Journeying alongside each writer in the collection, I found myself humbled to learn of their intricate arguments, which reveal difficult positions on how to achieve a total humanity between male, female, and other identities alike.
For example, how should ‘women of color’ identify themselves as women who are distinct from the dominant white women’s feminist movement at the same time that they search for the mutual liberation of both white and non-white women, i.e. all women?
And how can women of color increase the publication of their perspectives when the major industries of publication are themselves caught in a power struggle between white females and their white male counterparts?
Similarly, how do women of color reconcile their relationships with others who call themselves allies, but who are only interested in their own personal gain from the movement?
In Anzaldua’s words, how do women of color resist the imposition of internalized self-loathing on their counterparts?
"Like the (colonizer) we try to impose our version of ‘the way things should be’: we try to impose one’s self on the Other by making her the recipient of one’s negative elements, usually the same elements that the Anglo projected on us. Like them, we project our own self-hatred on her: we stereotype her; we make her generic."
The response to these challenges vary from voice to voice, and themselves only represent a sample of the book’s many subjects, but Making Face manages to place its multiple different perspectives in a way that still indicates a true solidarity between them.
Even with this in mind, there’s far more that can be said about the collection — of its beautiful treatment of dreams, and time, and space, or of its historic lens across the decades — but of course, there’s only so much we can say before time runs out.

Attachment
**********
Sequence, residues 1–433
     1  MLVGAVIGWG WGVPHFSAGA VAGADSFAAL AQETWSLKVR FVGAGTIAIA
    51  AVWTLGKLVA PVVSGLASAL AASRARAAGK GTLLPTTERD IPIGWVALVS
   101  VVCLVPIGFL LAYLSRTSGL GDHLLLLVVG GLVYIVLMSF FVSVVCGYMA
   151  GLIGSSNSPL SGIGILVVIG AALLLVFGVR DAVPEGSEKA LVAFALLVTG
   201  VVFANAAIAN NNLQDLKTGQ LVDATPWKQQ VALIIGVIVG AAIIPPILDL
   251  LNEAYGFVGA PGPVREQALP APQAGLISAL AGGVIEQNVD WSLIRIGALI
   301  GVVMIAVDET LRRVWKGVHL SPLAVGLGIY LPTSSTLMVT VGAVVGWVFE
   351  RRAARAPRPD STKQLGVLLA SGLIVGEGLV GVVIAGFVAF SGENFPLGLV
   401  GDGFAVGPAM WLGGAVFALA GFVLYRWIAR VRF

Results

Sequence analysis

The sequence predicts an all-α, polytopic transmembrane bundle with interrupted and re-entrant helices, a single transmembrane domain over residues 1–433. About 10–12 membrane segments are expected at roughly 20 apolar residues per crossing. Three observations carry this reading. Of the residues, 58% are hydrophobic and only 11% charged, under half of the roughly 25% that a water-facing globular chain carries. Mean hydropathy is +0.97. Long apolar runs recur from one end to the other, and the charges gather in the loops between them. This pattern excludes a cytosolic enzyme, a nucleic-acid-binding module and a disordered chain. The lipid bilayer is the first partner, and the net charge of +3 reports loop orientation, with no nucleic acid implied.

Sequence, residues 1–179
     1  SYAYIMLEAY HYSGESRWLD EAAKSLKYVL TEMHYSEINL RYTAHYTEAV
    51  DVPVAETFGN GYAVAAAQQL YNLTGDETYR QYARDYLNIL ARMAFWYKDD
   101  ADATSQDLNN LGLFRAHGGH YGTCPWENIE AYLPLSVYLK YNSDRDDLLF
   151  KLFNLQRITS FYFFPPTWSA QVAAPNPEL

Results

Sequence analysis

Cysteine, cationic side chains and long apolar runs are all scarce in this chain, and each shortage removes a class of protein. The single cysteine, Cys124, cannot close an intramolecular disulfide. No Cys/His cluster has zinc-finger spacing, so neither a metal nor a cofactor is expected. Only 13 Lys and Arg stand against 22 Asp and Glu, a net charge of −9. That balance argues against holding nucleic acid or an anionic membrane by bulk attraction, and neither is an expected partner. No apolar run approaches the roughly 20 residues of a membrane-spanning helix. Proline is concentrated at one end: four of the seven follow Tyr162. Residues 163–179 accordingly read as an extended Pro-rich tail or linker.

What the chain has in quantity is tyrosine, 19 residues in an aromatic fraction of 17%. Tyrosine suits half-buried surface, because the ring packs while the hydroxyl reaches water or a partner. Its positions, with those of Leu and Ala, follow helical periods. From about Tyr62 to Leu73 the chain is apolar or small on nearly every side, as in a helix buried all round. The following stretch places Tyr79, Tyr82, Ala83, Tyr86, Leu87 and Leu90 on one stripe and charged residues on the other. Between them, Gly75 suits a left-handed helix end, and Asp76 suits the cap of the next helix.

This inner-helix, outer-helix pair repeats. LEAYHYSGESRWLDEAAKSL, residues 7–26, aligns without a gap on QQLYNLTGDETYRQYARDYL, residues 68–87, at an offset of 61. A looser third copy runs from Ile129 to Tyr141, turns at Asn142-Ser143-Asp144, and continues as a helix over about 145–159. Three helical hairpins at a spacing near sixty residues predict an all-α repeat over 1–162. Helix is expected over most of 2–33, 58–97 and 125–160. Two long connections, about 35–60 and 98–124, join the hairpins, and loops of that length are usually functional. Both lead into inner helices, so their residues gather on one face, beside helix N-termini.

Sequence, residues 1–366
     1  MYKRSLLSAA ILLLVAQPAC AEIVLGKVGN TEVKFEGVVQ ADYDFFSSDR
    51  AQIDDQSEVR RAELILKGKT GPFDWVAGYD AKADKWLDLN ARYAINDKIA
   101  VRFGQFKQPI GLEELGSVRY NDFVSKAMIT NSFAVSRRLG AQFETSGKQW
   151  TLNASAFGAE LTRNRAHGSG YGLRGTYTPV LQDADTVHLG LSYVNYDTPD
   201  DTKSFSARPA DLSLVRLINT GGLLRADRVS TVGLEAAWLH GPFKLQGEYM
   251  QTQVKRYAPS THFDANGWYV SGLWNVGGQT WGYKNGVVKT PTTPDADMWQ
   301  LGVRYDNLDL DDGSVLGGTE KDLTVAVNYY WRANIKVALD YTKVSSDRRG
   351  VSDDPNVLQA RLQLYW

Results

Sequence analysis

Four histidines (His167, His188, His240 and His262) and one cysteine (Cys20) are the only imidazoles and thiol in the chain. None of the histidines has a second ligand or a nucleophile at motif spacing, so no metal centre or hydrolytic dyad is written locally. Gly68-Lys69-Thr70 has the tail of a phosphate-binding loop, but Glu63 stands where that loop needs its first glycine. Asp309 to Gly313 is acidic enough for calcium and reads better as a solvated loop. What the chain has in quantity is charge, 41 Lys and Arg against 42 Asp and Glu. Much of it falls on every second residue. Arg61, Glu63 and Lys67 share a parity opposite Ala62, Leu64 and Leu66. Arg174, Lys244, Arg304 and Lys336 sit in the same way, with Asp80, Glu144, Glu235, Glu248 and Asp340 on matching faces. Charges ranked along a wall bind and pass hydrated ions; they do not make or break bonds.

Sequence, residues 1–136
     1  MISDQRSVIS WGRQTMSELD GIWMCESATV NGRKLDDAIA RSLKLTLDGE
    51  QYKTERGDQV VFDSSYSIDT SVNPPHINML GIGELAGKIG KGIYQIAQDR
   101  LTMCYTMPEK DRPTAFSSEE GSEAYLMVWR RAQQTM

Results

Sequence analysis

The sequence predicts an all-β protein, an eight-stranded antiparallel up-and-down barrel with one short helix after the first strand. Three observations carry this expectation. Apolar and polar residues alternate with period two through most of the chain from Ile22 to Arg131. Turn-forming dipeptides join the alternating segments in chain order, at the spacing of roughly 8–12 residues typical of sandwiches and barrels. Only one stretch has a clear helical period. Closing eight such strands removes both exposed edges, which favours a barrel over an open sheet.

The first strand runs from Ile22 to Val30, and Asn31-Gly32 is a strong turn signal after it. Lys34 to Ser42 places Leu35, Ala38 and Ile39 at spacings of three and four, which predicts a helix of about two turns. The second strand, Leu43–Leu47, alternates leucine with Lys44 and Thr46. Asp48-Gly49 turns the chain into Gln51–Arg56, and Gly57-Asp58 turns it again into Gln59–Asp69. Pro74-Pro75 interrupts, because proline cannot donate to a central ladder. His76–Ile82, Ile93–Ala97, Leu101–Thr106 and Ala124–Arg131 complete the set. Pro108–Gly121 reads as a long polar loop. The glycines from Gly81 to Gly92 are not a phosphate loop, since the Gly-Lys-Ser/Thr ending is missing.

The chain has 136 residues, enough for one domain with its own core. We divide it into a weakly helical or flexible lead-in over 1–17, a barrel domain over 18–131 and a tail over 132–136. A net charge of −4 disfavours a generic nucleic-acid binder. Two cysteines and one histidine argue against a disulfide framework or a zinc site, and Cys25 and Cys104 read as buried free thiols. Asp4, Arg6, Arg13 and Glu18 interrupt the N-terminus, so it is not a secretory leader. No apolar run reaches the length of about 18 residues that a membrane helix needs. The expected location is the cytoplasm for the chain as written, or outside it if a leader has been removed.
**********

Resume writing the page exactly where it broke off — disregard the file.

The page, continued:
For now, check out Making Face, Making Soul for yourself; I assure you you won’t regret it!
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Read information about the authorGloria E. Anzaldúa was a scholar of Chicana cultural theory, feminist theory, and queer theory. She loosely based her best-known book, Borderlands/La Frontera: The New Mestiza, on her life growing up on the Mexican-Texas border and incorporated her lifelong feelings of social and cultural marginalization into her work.
When she was eleven, her family relocated to Hargill, Texas. Despite feeling discriminated against as a sixth-generation Tejana and as a female, and despite the death of her father from a car accident when she was fourteen, Anzaldúa still obtained her college education. In 1968, she received a B.A. in English, Art, and Secondary Education from Pan American University, and an M.A. in English and Education from the University of Texas at Austin. While in Austin, she joined politically active cultural poets and radical dramatists such as Ricardo Sanchez, and Hedwig Gorski.
After obtaining a Bachelor of Arts in English from the then Pan American University (now University of Texas-Pan American), Anzaldúa worked as a preschool and special education teacher. In 1977, she moved to California, where she supported herself through her writing, lectures, and occasional teaching stints about feminism, Chicano studies, and creative writing at San Francisco State University, the University of California, Santa Cruz, and Florida Atlantic University, among other universities.